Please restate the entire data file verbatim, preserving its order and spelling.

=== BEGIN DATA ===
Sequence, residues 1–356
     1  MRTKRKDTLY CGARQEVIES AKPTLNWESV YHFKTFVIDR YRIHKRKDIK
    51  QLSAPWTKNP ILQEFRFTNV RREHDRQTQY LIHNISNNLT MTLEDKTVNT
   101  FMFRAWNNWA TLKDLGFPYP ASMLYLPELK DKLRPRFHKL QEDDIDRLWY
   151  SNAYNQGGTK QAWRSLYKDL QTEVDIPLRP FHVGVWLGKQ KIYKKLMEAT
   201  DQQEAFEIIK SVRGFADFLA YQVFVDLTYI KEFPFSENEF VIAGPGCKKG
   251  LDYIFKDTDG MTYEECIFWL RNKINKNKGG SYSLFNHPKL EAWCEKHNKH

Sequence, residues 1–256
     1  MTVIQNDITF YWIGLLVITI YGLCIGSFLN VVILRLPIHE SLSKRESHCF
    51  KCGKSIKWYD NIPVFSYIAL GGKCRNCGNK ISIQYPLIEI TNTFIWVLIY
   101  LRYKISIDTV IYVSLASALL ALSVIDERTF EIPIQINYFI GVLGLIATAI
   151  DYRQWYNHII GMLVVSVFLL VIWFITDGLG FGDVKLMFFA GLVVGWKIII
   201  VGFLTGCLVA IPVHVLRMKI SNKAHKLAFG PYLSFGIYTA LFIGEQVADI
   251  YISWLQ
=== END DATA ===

Sequence, residues 1–356
     1  MRTKRKDTLY CGARQEVIES AKPTLNWESV YHFKTFVIDR YRIHKRKDIK
    51  QLSAPWTKNP ILQEFRFTNV RREHDRQTQY LIHNISNNLT MTLEDKTVNT
   101  FMFRAWNNWA TLKDLGFPYP ASMLYLPELK DKLRPRFHKL QEDDIDRLWY
   151  SNAYNQGGTK QAWRSLYKDL QTEVDIPLRP FHVGVWLGKQ KIYKKLMEAT
   201  DQQEAFEIIK SVRGFADFLA YQVFVDLTYI KEFPFSENEF VIAGPGCKKG
   251  LDYIFKDTDG MTYEECIFWL RNKINKNKGG SYSLFNHPKL EAWCEKHNKH

Sequence, residues 1–256
     1  MTVIQNDITF YWIGLLVITI YGLCIGSFLN VVILRLPIHE SLSKRESHCF
    51  KCGKSIKWYD NIPVFSYIAL GGKCRNCGNK ISIQYPLIEI TNTFIWVLIY
   101  LRYKISIDTV IYVSLASALL ALSVIDERTF EIPIQINYFI GVLGLIATAI
   151  DYRQWYNHII GMLVVSVFLL VIWFITDGLG FGDVKLMFFA GLVVGWKIII
   201  VGFLTGCLVA IPVHVLRMKI SNKAHKLAFG PYLSFGIYTA LFIGEQVADI
   251  YISWLQ